Twenty-two percent of the top generic drugs reviewed during a 10-year span between 2005 and 2014 rose faster than inflation, according to a December 2015 report from the U.S. Department of Health and Human Services Office of Inspector General (OIG).
The Pennsylvania Health News Service Project, consisting of 21 Pennsylvania-based medical and specialty associations and societies, addressed the issue of generic drug costs in a Feb. 3 release.
“I can understand that some of the increase comes as a result of research needs, but when it outpaces inflation by large margins, tough questions need to be asked and solutions need to be found,” says Scott Shapiro, MD, president of the Pennsylvania Medical Society (PAMED).
What Are Physicians Doing about Rising Generic Drug Costs?
A resolution regarding generic drug costs that originated from the Pennsylvania Academy of Dermatology and Dermatologic Surgery was brought to PAMED’s Specialty Leadership Cabinet and then approved by PAMED’s Board of Trustees in February 2015.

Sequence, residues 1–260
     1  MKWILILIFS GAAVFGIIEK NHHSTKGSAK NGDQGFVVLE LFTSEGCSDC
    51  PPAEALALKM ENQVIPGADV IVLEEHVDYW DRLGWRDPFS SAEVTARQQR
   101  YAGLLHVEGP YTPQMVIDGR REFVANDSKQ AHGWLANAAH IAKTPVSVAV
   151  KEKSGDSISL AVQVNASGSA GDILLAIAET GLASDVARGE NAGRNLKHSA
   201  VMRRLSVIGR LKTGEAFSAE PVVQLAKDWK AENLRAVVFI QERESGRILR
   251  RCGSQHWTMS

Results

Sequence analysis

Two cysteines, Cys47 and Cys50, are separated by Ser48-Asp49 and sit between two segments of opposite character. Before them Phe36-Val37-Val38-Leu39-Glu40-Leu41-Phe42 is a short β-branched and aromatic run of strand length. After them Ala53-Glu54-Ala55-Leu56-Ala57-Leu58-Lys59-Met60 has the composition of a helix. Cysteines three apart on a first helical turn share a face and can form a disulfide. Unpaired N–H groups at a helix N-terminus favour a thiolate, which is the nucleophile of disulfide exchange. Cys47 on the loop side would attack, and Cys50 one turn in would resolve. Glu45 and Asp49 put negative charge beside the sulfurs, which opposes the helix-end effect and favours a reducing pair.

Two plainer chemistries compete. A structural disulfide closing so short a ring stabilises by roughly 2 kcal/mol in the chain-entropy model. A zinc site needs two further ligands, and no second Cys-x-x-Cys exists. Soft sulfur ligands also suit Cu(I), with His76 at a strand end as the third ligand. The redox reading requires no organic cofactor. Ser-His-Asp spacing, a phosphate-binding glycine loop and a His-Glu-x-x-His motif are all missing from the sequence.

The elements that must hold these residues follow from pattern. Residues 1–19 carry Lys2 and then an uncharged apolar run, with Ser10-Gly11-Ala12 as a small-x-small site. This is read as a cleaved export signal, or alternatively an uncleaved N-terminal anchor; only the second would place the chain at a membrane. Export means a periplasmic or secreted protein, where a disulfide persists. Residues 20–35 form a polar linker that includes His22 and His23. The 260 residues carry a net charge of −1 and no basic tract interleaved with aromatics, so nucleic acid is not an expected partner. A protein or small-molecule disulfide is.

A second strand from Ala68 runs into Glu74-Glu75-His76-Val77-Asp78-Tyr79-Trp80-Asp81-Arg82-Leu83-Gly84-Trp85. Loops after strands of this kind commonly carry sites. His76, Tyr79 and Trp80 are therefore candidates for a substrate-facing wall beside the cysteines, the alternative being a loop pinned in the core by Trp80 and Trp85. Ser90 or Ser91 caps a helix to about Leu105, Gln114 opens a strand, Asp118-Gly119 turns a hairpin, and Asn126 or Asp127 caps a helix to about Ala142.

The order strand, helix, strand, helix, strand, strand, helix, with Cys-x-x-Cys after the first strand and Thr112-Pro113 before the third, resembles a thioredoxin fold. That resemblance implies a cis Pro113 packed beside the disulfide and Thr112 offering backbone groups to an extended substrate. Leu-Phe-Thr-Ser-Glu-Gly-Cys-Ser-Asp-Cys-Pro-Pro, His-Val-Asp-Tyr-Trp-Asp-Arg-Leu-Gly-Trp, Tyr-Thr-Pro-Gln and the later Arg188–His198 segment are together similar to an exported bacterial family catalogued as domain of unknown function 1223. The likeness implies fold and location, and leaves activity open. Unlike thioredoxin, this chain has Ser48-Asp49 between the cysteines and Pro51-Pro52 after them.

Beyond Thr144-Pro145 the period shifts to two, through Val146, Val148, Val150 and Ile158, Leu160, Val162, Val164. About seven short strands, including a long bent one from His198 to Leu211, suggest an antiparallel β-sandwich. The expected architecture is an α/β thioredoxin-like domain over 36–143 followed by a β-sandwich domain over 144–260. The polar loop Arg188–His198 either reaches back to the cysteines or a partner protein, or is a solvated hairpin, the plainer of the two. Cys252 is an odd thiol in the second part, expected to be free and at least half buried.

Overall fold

PAMED, as directed by the resolution, is encouraging the Commonwealth of Pennsylvania to actively address the issue of skyrocketing generic drug prices and has taken the issue to the American Medical Association (AMA).
The AMA House of Delegates, at its June 2015 annual meeting in Chicago, considered a package of five resolutions addressing the issue, including a proposal authored by PAMED. The result was the adoption of four policies:
- Working with all relevant stakeholders, including state and federal government, to address the issue
The goal is to ensure that pricing is fair and that patients aren’t forced to make difficult decisions about forgoing treatment due to the cost of generic drugs.
“Increasing drug costs can certainly create challenging financial situations for families, possibly forcing some to skip treatments,” says Joel Fiedler, MD, president of the Pennsylvania Allergy and Asthma Association. “Physicians keep in mind drug costs when they prescribe and seeing sudden and sometimes extreme price jumps give us heartburn since we know some patients may not have the best plans to cover drugs,” he says.
PAMED will continue its advocacy efforts and work with relevant stakeholders to ensure that patients have access to the care and treatment they need.